Premium bands are exactly that – premium –  so it is important to act like it. Be sure to make your brand stand out by showing that you are not only exclusive in image,  but you also offer services and/or products that cannot be found just anywhere. Compare your brand to… your brand, show how you are striving for excellence in a league of your own (i.e. “our best product yet,” “our most innovative creation to date,” etc). When your brand exudes confidence, consumers are drawn to it, and will want to become a part of it, any way they can.

Make Sure You Communicate Quality

In addition to confidence, you have to communicate quality. Most brands will say that they offer quality products and services, but as a premium brand, your level of quality must outshine all others. Depending on your product, be sure to showcase exactly what makes it so special. If you sell skin care products, make a point to highlight the high-end, rare, hyper-effective, or expensive ingredients used in your product. Show how it helps certain skin problems and back it up with clear, researched data. If you sell clothes, as in our earlier example, be sure to highlight the benefits of the fabric, craftsmanship, production, and even sourcing. Tell your story and show why your products are worth a little more than the leading mass brands.

High-Quality Images and Fonts Go a Long Way

This includes your website, social media platforms and everywhere your brand is presented. Communicate a premium brand by creating  a premium look and feel. Consumers respond well to sleek fonts, cool images, and image-heavy campaigns, especially high-quality images that take up a lot of space and are aesthetically pleasing. Some of the most prominent premium brands use this technique on their websites and social media pages and not only attract a lot of visitors but also get high conversions. You can rebuild your premium site yourself, or use a web host service to create the perfect look for you and your premium brand.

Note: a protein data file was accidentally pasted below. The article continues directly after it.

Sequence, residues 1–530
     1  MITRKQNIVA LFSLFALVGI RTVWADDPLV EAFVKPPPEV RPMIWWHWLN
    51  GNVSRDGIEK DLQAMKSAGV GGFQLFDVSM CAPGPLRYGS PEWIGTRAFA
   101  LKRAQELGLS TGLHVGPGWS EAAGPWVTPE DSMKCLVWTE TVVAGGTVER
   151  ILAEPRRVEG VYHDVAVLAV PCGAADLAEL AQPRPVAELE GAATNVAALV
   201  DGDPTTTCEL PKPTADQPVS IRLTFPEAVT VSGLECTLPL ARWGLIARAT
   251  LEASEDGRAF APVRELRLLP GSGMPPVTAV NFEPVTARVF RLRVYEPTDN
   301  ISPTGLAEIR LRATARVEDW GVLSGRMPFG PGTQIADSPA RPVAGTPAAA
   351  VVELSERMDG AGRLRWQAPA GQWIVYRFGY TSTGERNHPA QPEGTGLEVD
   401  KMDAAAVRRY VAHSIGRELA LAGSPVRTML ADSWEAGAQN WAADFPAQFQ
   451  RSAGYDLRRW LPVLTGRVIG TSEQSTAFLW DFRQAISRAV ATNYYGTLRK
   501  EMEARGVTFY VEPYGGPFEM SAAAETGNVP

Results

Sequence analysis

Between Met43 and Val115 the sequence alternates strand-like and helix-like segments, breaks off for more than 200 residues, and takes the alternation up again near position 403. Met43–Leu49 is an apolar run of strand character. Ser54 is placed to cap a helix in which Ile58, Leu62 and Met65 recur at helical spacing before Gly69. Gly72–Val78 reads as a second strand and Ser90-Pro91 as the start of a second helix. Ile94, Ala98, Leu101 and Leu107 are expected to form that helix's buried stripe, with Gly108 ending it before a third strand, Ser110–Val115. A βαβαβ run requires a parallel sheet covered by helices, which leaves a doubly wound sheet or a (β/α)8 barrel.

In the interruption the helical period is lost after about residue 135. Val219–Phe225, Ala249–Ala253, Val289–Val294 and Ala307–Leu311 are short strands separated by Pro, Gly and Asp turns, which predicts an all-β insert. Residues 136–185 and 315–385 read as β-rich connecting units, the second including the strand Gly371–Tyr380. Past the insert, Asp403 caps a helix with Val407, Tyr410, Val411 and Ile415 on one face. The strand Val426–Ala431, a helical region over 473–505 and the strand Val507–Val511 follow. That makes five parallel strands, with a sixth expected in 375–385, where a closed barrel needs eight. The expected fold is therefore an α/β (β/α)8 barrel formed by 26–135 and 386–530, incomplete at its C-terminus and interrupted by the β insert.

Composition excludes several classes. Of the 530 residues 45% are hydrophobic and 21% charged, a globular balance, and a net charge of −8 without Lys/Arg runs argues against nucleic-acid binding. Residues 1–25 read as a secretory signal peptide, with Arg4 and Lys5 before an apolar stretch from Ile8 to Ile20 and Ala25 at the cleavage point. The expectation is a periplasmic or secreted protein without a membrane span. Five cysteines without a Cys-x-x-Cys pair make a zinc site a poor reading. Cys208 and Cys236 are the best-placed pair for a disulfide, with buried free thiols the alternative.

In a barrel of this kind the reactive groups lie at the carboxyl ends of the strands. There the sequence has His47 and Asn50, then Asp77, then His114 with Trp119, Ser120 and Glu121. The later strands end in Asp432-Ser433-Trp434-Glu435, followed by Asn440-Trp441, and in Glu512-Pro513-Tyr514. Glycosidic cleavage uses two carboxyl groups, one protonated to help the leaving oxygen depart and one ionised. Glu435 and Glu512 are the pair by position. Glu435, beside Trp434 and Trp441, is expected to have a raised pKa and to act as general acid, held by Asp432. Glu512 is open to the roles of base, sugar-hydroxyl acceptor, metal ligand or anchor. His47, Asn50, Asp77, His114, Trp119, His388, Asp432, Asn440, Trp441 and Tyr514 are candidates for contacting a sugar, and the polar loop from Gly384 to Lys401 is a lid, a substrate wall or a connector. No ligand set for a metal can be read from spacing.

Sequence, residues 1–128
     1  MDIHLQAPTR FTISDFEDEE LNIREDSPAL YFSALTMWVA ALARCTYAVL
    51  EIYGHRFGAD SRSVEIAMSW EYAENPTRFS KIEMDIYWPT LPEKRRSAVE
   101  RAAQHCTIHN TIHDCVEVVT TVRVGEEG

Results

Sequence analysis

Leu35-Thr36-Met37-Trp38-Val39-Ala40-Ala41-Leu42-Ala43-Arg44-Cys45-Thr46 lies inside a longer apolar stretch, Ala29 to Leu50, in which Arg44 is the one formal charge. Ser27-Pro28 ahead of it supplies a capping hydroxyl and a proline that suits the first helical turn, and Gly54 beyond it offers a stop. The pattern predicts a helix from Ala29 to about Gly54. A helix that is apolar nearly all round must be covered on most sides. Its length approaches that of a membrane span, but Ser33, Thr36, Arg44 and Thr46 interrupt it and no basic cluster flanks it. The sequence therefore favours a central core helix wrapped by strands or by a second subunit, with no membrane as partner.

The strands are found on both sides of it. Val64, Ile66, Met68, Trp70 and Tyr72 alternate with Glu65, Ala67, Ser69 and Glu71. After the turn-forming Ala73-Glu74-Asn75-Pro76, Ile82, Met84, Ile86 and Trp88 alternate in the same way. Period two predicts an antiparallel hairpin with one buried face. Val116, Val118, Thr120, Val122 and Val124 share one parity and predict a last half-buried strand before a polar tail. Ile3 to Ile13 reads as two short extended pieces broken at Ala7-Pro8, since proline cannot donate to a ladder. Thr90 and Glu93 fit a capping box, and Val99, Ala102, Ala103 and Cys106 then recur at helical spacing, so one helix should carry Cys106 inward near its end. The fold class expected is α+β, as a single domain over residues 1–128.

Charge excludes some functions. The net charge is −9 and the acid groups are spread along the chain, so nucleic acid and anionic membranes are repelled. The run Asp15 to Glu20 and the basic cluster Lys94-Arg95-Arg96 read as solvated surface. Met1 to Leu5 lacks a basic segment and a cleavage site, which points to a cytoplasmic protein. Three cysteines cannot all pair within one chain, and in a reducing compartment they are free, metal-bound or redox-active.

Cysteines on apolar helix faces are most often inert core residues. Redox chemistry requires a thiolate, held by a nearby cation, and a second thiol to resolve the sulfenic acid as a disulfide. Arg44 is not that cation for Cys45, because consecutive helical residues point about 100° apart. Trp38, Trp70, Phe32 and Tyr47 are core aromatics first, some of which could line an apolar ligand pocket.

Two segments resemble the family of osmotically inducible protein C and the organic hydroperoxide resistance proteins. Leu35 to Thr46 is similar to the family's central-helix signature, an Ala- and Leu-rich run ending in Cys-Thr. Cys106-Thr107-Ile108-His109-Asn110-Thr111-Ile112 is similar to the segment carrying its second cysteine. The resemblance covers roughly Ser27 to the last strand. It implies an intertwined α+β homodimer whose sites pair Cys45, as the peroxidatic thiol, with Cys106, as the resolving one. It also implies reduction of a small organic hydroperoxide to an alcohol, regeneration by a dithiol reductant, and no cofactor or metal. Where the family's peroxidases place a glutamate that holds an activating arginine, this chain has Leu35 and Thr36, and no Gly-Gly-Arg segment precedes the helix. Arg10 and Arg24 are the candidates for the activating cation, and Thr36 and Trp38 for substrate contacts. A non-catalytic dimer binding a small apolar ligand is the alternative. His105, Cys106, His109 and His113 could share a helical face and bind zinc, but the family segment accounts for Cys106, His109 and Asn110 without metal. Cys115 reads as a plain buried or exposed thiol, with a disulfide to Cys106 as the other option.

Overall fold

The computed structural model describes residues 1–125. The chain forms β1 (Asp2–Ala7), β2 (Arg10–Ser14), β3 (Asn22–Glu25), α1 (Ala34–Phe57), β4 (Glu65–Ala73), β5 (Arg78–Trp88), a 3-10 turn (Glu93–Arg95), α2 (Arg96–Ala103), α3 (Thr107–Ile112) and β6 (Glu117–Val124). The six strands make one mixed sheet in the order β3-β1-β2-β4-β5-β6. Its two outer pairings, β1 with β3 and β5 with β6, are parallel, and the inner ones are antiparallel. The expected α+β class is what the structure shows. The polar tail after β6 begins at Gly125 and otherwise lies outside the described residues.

Think About Distribution and Pricing Strategically

No matter what you want your brand to say, you have to think about your actions and what they say as well. Where your products or services are sold, how they are merchandised, and even their cost can tell potential consumers an important story about the brand you’ve built. For example, if you want your brand to be considered high-end and luxe, your products should not appear on the lowest shelf, should not be heavily discounted, and should not be cheaper than other prominent premium brands. This rule still applies even when you only sell digitally: is your brand shown on e-commerce websites with high traffic? Are the accompanying pictures high-quality? Is the pricing where it should be for your brand type? Think about these criteria and more as you begin distributing your products or services and setting prices.

Think About Including Up-Market Sub-Brands

Finally, a great way to elevate your brand’s image is to offer a sub-brand alongside it. A sub-brand is an extra product line or a special edition product or service that is offered for a limited time. The key is to position it as a more premium offering than your main brand. When you add an exclusive sub-brand, consumers will associate your main brand with the premium one, elevating your overall brand image.

As you can see, building a premium brand is not necessarily difficult, but it does take a certain level of focus, commitment, and even risk. While your premium brand may not make your business more profitable right off the bat, it will launch it to a higher level that can lead to bigger profits over time. Remember, creating a premium brand is all about bringing your current brand up a few notches, and that means paying attention to detail.  Bottom line: stick to the basics, elevate what you can, get creative where it counts, always put quality over quantity, and show consumers why you’re the best choice for the product or service you provide. Happy branding!

Margot Bushnaq

Margot Bushnaq

Margot is a serial entrepreneur and founder of BrandBucket. After a 10-year career in web development and system architecture, Margot left her senior position at a digital security company and co-founded a venture studio. There she noticed a lack of affordable “do-it-yourself” naming services for startups, which in turn became the driver to launch BrandBucket.